HOPE for NH Recovery Closing Satellite Centers
Claremont Site to be Shuttered
HOPE for NH Recovery has released an official statement regarding its plans to close its satellite centers, including the one in Claremont. Its main location in Manchester will remain open.
“In an effort to preserve its mission to support people impacted by addiction through lived experience, on their path to wellbeing, HOPE for NH Recovery is moving forward with plans to consolidate its operations,” said the organization. Scott Bickford, HOPE’s Board Chair stated, "The Board and HOPE's staff have worked very hard to keep all of our centers open to serve as many New Hampshire residents and families as possible. When we were initially asked to open centers in these communities, we intended for them to be sustained via a blended funding stream. This stream was to consist of support from local businesses, organizations, and individuals as well as some state funding."
Executive Director and longtime advocate Melissa Crews shared her thoughts on the closures. "The outreach and support in Manchester has been amazing. We have just been unable to duplicate that in the other communities. While people are using the centers and finding them very valuable in their recovery journey, the funding just hasn't materialized as we had hoped. Unfortunately, the costs to operate the centers are significantly higher than the revenue available to each center. While no one wants to see the centers close, our board realizes that the majority of the organization's funding sources have been Manchester area businesses, organizations and donors. We remain committed to working with the state to help identify revenue streams for these types of community centers."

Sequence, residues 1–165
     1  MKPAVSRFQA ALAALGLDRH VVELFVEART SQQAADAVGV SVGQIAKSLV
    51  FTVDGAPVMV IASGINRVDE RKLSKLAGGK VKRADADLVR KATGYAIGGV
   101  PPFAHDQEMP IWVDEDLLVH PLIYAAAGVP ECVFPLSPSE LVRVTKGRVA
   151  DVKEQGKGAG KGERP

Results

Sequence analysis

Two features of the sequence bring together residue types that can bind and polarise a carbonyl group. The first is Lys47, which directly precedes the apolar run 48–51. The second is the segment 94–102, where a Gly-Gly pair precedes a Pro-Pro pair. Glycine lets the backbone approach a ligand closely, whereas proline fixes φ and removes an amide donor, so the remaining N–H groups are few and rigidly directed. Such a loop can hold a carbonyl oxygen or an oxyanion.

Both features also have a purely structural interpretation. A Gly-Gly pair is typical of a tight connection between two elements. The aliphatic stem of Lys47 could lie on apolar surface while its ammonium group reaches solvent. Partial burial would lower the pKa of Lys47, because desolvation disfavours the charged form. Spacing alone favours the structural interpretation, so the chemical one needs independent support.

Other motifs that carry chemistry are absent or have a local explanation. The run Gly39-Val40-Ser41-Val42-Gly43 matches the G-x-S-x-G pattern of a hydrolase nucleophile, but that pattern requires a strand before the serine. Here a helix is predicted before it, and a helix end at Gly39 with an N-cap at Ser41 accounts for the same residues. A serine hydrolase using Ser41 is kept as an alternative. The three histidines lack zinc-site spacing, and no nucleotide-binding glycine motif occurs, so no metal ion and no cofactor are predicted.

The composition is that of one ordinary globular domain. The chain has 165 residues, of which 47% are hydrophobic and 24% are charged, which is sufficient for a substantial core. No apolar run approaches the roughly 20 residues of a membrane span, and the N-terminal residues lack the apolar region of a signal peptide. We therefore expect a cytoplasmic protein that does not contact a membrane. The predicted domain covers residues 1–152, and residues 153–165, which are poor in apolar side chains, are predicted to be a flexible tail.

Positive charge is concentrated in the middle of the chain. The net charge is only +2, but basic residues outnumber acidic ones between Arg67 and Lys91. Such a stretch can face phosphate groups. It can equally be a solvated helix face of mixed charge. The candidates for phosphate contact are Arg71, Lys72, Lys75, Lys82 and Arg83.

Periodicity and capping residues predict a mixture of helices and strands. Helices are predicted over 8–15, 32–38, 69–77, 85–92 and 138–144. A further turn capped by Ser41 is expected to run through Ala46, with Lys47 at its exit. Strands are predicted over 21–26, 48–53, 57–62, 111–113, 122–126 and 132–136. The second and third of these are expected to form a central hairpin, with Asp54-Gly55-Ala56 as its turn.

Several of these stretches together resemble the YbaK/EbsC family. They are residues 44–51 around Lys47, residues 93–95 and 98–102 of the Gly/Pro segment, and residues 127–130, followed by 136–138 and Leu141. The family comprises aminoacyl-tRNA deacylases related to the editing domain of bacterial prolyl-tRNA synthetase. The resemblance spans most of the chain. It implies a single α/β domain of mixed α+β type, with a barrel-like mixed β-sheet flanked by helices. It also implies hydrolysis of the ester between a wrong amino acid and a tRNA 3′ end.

Funding all five centers absent local and state support since July 2017 has put "a tremendous financial strain on HOPE's largest center in Manchester", said the organization. The board of directors has voted to close the satellite centers in Franklin, Concord, Claremont, and Berlin by the end of the month. “The board believes that these closures, while difficult, are in the best interest of the organization. The board is also mindful of its obligation to be good stewards of the organization's resources and is optimistic that this is a significant step toward it being self-sustaining,” said the organization.
The Claremont site opened in the summer of 2016; space was leased in the former Diana Love building on the corner of Elm and Main Streets and was the organization’s 4th recovery community center in New Hampshire. The building was purchased by Melissa Crews, executive director and her husband, Andy Crews, the president and CEO of Autofair. At the time Crews said, “We have been working with David Berry and the Sullivan County Department of Corrections on a plan to bring recovery support services to compliment their very successful TRAILS program. We should be working in there very soon.”
The Claremont center has been operating Monday through Friday, offering one-on-one peer coaching for everyone impacted by addiction, including family and friends; support groups, community events and educational workshops. Wayne Miller has been serving as the center's manager.